The Narrandera Cup on Sunday was a hit for the Narrandera Race Club. It was a busy day for everyone involved, with 104 horses starting out of 108 nominations.
“The figures are a long way from finalised, but the first two races cut even and everything else from then on was an improvement,” said Narrandera Race Club Manager Michael Bailey. “There were a few little hiccups – there are at every race meeting – but nothing dramatic and we haven’t heard anything negative from the trainers.”
While attendance was slightly down, the quality and the calibre of the racing on display was undeniable.
“The Cup was a fantastic race. That’s the best line-up we’ve probably seen ever.”
Media and Communications Executive for Racing NSW Julieanne Horsman made the trip to Narrandera from Sydney for the cup in her own time and was very impressed with what she saw.
“The field for the Narrandera Cup meeting – in particular the Cup itself– was exciting to watch. There were many quality horses in that race.
“I can’t believe I haven’t been out to the Narrandera race track before. The Narrandera Race Club punches above its weight.
“The club is fortunate to have a small but dedicated committee who put on a fantastic day and I’m sure we will continue to see bigger and better things from the club in the future,” Ms Horsman said.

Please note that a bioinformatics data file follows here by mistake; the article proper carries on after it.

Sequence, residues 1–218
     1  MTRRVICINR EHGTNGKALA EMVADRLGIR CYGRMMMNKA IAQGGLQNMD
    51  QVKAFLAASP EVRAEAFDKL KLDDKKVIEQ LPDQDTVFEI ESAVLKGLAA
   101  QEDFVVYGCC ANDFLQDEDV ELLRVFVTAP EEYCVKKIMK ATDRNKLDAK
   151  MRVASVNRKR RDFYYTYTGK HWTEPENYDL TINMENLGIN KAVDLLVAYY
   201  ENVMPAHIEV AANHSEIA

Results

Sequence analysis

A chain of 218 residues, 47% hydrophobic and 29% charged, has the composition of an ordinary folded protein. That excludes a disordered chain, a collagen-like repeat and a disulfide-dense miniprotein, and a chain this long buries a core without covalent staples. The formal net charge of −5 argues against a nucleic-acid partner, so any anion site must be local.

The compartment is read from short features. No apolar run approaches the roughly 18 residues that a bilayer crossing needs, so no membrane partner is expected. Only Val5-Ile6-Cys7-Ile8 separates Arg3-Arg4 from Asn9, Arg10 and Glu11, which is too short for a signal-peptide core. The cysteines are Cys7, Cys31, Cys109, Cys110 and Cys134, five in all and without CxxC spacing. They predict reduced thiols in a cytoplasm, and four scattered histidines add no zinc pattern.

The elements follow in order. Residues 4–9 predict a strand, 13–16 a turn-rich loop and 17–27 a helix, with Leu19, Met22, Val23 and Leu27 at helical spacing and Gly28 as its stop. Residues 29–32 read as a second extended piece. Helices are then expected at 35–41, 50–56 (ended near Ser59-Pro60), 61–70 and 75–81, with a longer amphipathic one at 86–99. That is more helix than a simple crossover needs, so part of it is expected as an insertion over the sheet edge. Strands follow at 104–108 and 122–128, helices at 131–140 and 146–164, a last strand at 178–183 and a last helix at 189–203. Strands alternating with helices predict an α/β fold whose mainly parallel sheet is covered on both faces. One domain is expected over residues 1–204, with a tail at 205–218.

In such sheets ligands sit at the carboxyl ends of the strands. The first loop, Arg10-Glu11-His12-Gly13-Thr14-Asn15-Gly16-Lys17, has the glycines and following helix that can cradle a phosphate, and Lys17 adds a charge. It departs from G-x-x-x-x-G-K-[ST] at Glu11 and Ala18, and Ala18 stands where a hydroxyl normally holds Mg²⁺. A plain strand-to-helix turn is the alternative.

Mr Bailey has long expressed the hope that the increased prize money, coupled with the change in racing format to 1600 metre and 2100 metre races, would attract more trainers and horses from further afield. He got his wish.
“The winner of the cup, Itsa Fait Accompli, won an $80,000 race in Sydney about ten months ago,” Mr Bailey said. “Some of the other horses had placed in races down in Melbourne.
“You don’t see horses of that quality and that depth outside of the Albury and Wagga races.”
Itsa Fait Accompli is owned by M D and D C Doyle, members of the Doyle family in Sydney who own the seafood restaurants of the same name. The horse’s owners came to Narrandera for the Cup.
“The reason the horse came was for the prizemoney,” Mr Bailey said. “It’s fantastic feedback to be getting already.”
There was $150,000 in prize money to be won for the entire weekend and the Cup alone commanded a $30,000 prize. According to Mr Bailey, there were a lot of trainers and racegoers at the grounds from Victoria.
“It was a different crowd – an older, more committed race-going crowd. But we had lots of Victorians there. They were looking for tickets into the club rooms.
“They were gobsmacked when we told them that they could go in and that it was open for everyone and not just people who were members or had a horse in the race. We explained to them that the club rooms had been built with money from the people of Narrandera, and Racing NSW and they were open to the public.”
Mr Bailey said that he believed smaller, country race clubs had a lot to offer the wider racing community.
“I think we’re getting more people searching for that proper racing experience, and people aren’t getting that in the cities anymore. I’ve heard that people are finding Randwick too sterile, but at our club, everyone’s packed together in the scrum. Nobody’s cut off.”
Nine full races were run on Sunday and there were 16 horses in the Narrandera Cup alone. Compared to the 2017 cup, where only five horses ran, it was a staggering turnaround for the club. The track was in good condition and it was a clear, sunny day for racing.
The fashions on the field also proved popular, with participants making the journey from Young, Leeton and Wagga to get involved. The Lady of the Day was won by Emma Wells from Young, who took the time to praise the Club’s ingenuity of moving the race meeting to a Sunday.